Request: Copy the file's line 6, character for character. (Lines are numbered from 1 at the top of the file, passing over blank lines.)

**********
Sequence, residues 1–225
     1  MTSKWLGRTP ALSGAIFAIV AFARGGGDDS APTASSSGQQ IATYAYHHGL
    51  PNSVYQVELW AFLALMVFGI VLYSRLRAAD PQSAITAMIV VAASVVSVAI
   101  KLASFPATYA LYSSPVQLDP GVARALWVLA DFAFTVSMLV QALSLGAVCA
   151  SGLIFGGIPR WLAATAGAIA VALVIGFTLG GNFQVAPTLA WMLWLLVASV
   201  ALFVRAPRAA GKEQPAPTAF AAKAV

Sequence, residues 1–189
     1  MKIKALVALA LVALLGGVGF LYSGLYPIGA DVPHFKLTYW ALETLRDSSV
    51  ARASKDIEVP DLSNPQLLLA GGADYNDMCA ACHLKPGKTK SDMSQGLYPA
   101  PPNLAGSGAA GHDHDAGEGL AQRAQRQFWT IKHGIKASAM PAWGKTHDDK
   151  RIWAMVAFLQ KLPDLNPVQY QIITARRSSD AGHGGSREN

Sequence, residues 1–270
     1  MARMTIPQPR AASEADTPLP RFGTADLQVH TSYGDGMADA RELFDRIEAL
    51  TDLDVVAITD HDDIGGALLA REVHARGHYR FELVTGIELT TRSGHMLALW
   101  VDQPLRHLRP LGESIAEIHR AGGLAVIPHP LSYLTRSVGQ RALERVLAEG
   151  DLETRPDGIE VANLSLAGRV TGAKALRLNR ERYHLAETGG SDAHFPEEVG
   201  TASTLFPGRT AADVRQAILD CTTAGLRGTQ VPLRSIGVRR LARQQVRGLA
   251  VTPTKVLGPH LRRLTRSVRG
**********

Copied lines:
   201  ALFVRAPRAA GKEQPAPTAF AAKAV